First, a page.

C. Five Steps in
Adoption: Diffusion research identifies
five main steps in the innovation decision process which occur in a time
ordered sequence: knowledge, persuasion,
decision, implementation and
confirmation. For the potential adopter, the purpose of the process is to
decrease uncertainty and anxiety about the innovation. Knowledge begins the process with an awareness of the existence of
the innovation and some understanding of how it works; mass media channels can
share knowledge on what an innovation is and how it works. Persuasion is the formation of an attitude, favorable or
unfavorable, toward the innovation; persuasion deals with the use, advantages
and disadvantages of the innovation in the user’s personal situation. Useful
information from this stage forward is more likely to be conveyed through
subjective opinions of interpersonal networks of homophilous near-peers. High
empathy, however, creates a homophilous kinship that overcomes other
differences. Decision involves the choice to adopt or reject the innovation. At implementation the adopter puts the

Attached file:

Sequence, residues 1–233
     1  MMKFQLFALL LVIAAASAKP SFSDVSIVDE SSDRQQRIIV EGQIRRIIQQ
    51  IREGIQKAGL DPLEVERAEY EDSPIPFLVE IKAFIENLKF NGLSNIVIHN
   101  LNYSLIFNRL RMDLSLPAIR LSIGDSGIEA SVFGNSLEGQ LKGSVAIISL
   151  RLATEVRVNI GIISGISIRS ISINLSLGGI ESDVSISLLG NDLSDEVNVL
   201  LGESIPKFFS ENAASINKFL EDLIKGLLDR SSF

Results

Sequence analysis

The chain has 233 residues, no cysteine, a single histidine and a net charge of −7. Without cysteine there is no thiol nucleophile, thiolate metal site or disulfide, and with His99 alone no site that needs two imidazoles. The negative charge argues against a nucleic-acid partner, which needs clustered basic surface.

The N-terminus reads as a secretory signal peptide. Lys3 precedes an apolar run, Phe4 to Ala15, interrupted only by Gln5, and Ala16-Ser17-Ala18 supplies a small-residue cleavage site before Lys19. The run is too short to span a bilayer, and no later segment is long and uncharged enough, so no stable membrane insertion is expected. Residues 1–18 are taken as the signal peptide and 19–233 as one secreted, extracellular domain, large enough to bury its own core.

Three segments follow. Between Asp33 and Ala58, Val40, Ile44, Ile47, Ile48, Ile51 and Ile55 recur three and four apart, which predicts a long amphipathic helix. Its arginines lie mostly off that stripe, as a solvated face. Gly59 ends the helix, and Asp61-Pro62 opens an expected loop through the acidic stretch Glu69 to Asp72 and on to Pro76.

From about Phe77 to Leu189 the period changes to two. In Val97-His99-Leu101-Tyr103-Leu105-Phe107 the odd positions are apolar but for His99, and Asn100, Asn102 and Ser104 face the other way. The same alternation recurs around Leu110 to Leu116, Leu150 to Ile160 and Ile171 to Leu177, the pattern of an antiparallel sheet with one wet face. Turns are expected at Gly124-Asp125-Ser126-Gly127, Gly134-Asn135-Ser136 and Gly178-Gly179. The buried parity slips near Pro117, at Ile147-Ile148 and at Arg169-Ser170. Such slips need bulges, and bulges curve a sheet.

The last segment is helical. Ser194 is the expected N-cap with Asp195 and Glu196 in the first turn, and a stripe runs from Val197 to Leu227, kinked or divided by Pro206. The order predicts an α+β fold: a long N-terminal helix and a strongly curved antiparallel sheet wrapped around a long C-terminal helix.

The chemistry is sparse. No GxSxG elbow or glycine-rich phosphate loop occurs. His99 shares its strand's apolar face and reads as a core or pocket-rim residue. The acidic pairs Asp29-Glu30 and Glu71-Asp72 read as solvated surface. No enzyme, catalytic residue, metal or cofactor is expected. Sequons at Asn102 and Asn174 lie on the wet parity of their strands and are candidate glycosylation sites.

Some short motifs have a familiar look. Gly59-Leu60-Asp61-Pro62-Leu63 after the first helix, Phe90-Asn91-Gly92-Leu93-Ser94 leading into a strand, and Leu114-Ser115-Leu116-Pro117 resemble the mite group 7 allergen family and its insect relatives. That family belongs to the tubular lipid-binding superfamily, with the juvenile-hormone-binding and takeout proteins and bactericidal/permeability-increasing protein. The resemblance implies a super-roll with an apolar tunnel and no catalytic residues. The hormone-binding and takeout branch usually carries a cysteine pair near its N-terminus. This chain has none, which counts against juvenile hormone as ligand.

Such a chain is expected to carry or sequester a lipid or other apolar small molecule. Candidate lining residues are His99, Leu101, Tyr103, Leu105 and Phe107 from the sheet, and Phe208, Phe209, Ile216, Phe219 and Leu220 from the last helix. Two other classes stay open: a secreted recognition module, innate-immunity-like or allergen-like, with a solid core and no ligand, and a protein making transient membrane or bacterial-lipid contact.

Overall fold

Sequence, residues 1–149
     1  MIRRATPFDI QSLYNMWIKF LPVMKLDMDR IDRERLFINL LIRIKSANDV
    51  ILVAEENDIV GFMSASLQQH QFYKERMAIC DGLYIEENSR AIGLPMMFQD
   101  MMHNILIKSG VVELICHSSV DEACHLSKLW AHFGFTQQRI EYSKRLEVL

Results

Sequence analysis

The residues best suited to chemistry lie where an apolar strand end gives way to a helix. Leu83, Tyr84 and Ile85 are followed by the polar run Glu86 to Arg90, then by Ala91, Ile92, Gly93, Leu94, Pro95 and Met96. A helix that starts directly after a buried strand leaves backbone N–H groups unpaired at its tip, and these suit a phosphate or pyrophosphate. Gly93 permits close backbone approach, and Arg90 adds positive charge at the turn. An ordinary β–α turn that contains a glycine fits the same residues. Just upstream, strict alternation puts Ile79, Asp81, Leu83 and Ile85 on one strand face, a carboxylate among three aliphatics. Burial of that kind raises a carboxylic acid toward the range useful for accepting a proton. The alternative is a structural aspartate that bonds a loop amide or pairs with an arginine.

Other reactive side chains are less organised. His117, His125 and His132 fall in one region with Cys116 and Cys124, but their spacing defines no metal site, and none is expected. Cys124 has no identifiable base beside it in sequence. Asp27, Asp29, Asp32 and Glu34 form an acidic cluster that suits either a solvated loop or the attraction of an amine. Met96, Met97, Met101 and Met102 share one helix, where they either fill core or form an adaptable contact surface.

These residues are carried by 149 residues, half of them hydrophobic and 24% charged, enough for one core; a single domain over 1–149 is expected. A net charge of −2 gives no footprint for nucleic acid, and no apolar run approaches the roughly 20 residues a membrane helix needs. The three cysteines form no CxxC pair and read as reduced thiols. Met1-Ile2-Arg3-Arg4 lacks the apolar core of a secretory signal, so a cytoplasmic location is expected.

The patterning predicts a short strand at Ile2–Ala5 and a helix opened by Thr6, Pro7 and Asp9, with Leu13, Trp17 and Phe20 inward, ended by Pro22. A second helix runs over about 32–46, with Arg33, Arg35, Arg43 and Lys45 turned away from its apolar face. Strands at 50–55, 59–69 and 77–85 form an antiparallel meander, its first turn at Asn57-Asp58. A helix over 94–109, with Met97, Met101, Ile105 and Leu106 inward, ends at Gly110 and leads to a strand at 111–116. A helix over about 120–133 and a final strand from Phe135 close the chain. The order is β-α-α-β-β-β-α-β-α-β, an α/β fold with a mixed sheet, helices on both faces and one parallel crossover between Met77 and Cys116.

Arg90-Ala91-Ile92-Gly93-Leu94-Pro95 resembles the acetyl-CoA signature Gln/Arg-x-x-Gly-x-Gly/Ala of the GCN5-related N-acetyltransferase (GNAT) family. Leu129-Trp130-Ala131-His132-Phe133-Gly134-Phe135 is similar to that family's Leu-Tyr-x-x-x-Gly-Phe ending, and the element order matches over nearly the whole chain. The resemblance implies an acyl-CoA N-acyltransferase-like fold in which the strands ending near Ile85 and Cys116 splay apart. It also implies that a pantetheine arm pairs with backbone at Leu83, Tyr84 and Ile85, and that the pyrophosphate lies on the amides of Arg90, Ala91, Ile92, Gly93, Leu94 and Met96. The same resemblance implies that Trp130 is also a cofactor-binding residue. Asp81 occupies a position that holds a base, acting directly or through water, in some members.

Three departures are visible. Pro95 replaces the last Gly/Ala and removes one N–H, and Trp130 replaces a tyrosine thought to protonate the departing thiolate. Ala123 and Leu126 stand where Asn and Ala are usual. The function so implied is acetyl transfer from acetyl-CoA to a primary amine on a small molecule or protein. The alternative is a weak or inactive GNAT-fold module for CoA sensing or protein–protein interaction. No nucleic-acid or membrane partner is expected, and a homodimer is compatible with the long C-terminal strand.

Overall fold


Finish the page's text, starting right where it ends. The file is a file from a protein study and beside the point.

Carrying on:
innovation to use; re-invention is an
important part of this stage of adoption.
Confirmation occurs after
implementation when the user “seeks reinforcement of an innovation decision
that has already been made.”
With added experience, users can reject using the innovation directly by
abandonment (discontinuance) or indirectly by moving to another practice.
Ibid., 19. McGavran’s ethnic principle of homogeneity is better explained by Rogers’ communication principle of homophily. It’s not homogeniety that is important for change but the conversations that homogeneity and homophily allow between individuals who find communication rewarding. For information on the decision process in adoption, see Rogers, Diffusion of Innovations, 161-203.
Ibid., 20-21. For information on the role of homophily in adoption, see Ibid., 286-290.